“After a couple of years dominated by birthers, death panels and debt ceilings, the nation owes a huge debt of gratitude to the We Are the 99% movement for forcing our attention back on the most fundamental questions of our day: Who does our economy work for? Who does our democracy work for? Why is our country broken and how can we fix it?
Its critics have savaged the 99% movement (also known as Occupy Wall Street) for lacking a clear goal, but that’s not true. The whole point of “occupying” New York or Washington or London is to physically re-assert our proper place in the public sphere. To the bankers, the billionaires and the bureaucrats, the 99% are loudly and persistently declaring that this is our economy, too. We are not leaving. …
But the overarching complaint of the 99% movement is that our economy works only for the 1% who already have the most.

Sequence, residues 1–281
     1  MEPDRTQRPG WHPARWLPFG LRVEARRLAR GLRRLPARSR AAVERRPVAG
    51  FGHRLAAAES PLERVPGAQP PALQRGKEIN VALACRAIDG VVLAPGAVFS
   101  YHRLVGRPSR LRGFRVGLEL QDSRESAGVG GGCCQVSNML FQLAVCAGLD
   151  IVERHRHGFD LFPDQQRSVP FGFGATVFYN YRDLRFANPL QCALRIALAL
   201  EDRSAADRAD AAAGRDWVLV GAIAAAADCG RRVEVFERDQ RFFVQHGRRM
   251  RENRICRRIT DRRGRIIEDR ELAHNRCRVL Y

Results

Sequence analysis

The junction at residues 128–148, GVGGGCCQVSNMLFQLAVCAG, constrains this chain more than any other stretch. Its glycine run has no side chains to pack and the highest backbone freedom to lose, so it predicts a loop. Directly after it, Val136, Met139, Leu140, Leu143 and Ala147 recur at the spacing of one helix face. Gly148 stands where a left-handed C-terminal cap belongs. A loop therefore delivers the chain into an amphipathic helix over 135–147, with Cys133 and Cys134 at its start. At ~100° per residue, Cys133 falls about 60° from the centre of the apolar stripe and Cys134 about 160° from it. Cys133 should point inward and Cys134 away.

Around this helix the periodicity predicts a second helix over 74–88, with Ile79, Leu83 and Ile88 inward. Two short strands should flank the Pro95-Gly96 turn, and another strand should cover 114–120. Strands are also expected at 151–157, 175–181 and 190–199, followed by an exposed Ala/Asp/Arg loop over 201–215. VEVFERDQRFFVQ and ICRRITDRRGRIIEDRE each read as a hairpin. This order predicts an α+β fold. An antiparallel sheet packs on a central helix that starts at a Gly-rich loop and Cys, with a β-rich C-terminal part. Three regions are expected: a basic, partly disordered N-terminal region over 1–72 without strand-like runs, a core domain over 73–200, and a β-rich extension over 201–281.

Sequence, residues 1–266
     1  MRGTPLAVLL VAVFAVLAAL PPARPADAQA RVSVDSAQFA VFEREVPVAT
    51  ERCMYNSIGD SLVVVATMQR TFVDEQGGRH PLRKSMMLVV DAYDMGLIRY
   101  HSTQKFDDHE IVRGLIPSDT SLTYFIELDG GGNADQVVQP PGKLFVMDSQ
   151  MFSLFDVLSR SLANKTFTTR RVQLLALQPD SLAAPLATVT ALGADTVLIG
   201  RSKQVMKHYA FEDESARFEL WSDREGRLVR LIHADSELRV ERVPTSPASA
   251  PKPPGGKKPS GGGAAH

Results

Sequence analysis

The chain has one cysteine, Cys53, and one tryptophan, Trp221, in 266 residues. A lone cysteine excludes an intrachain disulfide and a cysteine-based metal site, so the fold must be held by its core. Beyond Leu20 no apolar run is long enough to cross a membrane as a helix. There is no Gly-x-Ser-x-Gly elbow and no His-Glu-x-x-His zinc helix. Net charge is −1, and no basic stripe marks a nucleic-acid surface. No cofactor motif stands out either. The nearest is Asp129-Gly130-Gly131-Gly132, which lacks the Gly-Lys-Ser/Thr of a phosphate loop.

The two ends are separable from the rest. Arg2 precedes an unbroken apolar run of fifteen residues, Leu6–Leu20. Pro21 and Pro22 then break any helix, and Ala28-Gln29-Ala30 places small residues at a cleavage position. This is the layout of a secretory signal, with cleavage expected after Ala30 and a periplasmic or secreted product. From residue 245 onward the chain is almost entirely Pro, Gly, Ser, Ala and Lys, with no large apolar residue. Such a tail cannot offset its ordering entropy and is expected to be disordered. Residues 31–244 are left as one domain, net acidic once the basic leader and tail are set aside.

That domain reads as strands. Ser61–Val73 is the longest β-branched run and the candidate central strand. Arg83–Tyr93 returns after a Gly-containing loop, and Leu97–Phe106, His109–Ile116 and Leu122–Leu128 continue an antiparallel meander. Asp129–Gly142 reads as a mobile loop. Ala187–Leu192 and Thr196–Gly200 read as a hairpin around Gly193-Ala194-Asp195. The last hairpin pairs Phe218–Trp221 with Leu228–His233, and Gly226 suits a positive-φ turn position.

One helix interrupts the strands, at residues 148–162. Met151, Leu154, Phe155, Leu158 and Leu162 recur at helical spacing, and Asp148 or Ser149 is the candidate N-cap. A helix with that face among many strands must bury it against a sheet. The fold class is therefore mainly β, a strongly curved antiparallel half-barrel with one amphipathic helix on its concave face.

We don’t begrudge the winners of a fair fight. But everyone knows the game is fixed.
How can we level the playing field so that everyone has an equal opportunity? How can we make our political economy fair? How can we minimize the risk that the 1% will drive the economy back into the ditch and stick us with the bill?
I’d suggest that there are two big things we must absolutely do to create an economy that works for all of us: Eliminate too-big-to-fail banking and get money out of politics.”